Bagels by the Basket

A Starving Artist Catches his Big Break Over Breakfast.

Words by Jessica Devenyns  Photos by Ashley Haguewood

After getting back from a wild European tour, Austin drummer Joe Humel found himself playing in seven different bands, working the door at Momo’s, and still barely able to make rent. So when the opportunity came for a seasonal job, he left his musical career and took a chance. Unfortunately, six months later, he found himself wondering, “Now I have nothing. I have no money, no job… now what?” The unlikely answer to his plea came to him on New Year’s Eve. 

“I thought, ‘I’m going to try making bagels. I think that’ll be a lot of fun,’” Joe remembers. With no job to crowd his calendar and a grumbling stomach to fuel his ambition, Joe quickly began sifting through recipes and experimenting with the laborious process of bagel making. For three weeks he rolled, shaped, boiled, and baked bagels until finally a friend encouraged him to take a batch to the manager of Garden District Coffee House. After delivering a basket full of bagels, Joe says that the coffee shop immediately placed a daily order. “I walked out of there like, ‘What did I just do?’” Within days, several other coffee shops had placed recurring orders that quickly outpaced Joe’s home-baking capacity.

It was then that Rockstar Bagels was born. Although, Joe’s telling of the tale is more like, “Well, I guess I just started a business…” Despite his initial uncertainty, “Everything just started falling right into place,” he recalls.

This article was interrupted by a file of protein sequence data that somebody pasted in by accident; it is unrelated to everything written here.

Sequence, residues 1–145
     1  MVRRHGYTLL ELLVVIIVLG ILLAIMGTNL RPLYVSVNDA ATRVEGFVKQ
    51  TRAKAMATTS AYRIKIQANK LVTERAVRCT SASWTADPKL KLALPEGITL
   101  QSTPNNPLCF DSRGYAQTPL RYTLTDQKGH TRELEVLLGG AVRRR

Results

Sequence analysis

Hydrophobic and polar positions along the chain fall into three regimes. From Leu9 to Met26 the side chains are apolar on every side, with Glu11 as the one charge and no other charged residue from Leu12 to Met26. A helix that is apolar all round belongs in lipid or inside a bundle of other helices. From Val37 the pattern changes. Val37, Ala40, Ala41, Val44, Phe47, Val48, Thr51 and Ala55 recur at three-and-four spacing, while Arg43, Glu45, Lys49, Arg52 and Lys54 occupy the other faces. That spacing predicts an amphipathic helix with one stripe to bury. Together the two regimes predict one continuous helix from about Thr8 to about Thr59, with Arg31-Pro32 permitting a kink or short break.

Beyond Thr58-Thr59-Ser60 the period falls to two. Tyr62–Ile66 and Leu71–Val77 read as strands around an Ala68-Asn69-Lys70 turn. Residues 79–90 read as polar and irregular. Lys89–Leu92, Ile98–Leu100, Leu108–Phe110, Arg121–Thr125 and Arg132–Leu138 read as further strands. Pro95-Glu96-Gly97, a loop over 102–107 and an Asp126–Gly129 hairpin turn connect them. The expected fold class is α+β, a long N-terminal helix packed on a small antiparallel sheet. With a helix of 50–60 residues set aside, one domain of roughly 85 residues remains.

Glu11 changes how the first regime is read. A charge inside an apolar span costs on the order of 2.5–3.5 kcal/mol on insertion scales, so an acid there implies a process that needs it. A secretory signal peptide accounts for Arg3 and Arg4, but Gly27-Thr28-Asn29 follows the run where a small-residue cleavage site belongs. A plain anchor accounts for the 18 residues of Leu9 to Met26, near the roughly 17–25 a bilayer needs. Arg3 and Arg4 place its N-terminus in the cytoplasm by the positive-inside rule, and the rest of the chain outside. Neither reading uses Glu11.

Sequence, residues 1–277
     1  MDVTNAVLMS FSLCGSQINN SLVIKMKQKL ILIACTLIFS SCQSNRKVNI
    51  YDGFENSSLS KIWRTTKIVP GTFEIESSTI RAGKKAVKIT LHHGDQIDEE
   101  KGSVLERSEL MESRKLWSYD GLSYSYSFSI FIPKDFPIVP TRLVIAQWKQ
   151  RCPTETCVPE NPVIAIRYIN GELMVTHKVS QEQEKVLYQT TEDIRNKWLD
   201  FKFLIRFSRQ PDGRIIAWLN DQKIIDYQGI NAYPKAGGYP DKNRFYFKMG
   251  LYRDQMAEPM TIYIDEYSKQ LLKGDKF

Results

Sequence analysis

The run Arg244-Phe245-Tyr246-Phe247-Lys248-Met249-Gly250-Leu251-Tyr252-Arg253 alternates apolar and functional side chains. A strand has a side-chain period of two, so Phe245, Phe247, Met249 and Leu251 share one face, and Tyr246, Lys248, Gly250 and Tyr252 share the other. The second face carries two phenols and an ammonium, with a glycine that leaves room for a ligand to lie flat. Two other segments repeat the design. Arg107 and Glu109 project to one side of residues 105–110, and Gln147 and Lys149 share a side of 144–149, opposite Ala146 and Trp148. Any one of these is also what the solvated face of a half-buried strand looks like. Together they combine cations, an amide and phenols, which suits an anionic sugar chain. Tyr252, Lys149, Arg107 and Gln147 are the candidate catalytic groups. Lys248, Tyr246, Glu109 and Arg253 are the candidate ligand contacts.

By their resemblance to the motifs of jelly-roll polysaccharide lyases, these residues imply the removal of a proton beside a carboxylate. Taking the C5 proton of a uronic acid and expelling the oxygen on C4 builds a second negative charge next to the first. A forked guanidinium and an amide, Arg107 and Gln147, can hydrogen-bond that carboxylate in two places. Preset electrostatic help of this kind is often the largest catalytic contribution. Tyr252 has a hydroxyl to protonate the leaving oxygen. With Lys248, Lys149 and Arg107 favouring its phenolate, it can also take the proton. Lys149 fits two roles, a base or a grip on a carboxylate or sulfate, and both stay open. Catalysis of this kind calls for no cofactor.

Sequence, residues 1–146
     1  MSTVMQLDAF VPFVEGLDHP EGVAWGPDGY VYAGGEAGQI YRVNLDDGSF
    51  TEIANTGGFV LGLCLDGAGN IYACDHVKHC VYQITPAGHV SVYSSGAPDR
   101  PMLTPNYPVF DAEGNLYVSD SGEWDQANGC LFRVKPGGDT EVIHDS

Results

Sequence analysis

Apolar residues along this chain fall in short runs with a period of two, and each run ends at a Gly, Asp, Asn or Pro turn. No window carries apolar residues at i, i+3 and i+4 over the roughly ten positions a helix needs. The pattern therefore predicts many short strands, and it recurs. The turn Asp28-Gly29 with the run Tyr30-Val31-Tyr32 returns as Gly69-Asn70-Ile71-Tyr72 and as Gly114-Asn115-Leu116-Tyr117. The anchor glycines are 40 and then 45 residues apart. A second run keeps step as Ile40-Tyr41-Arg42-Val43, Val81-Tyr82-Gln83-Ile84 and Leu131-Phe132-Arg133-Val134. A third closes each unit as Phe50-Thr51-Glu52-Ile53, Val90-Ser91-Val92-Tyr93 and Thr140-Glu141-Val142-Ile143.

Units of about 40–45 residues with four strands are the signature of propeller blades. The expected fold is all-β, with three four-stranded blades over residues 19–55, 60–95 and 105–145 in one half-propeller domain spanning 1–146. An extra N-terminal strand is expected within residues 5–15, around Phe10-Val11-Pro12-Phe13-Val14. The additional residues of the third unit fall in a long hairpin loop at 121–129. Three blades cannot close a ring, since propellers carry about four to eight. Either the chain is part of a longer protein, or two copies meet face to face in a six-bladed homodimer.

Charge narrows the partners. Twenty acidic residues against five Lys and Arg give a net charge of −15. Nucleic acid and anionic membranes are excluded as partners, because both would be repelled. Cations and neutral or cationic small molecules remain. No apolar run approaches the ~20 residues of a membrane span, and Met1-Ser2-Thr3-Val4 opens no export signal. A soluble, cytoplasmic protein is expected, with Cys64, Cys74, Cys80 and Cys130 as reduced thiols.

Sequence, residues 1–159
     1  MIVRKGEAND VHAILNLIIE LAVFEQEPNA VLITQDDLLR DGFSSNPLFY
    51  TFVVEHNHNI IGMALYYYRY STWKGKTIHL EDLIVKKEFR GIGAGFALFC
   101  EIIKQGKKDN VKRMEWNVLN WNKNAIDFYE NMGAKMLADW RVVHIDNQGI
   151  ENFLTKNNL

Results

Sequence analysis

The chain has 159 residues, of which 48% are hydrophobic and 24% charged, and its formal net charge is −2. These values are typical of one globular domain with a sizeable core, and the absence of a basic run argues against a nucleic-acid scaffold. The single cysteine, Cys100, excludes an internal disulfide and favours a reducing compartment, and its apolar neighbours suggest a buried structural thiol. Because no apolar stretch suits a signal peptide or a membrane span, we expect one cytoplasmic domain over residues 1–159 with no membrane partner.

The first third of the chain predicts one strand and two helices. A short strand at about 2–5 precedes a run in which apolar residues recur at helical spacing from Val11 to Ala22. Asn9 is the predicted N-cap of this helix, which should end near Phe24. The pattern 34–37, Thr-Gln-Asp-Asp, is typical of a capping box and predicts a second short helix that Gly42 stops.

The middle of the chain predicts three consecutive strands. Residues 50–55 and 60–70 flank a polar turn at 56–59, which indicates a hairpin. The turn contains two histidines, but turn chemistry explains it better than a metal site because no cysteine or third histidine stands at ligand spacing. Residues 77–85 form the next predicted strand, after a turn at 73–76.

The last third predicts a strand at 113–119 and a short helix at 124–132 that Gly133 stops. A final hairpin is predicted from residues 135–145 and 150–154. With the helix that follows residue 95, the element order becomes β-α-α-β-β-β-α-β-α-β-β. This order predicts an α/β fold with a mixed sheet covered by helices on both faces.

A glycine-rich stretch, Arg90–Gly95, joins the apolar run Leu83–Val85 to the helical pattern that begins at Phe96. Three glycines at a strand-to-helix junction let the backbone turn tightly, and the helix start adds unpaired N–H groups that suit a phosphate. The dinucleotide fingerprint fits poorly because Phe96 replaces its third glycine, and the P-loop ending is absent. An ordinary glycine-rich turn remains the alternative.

However, it turned out that perfecting his bagels was like trying to break into a vault filled with trade secrets. “The bagel business has always been a pretty protected kind of field. Back in the ‘20s when bagels hit New York, the Jews had it as an apprenticeship. It was a very specialized product, like you had to be an apprentice in order to learn how to make it. For the most part you still do,” according to Joe. “Nobody knows how to make bagels. This is why they’re not everywhere.”

Despite knowing that the traditional recipes were iron-clad secrets, the busy bagel CEO was undaunted. He simply decided to develop his own recipe. “The first 9 or 10 months I was by myself 7 days a week. Literally, at some points I was working 27 hours straight…” Eventually, the exhausting hours of experimenting paid off when he discovered that there was a simple secret to a great bagel: texture.

Bagels must be fermented, boiled, and baked to get the gluten to break down. Joe describes the proper texture of this baked good saying, “It’s got to have a certain pull. It’s going to be chewy. It’s got to be exhausting to chew.” That is also why, he says, that there is only one way to make a bagel: with gluten. “What makes a bagel a bagel is the high gluten [content].”

This purist’s dedication to basic bagel technique has gained this dough-punching CEO quite a loyal following. It is also the source of his continued search for the perfect recipe. However, with a flash of his teeth, Joe Humel proudly claims that he thinks he makes “a damn good bagel” anyways.

Favorite Menu Item: Lox Sandwich! A fillet of brined salmon, cream cheese, tomatoes, onions, and capers on a rosemary and sea salt bagel. This is $9 of savory goodness.

Want More? You can find Rockstar Bagels at their walk-up window at 1900 Rosewood Ave. or at one of their many retail locations including Wheatsville Co-op, Cherrywood Coffeehouse, Sa-Téen Coffee, and Royal Blue Grocers.

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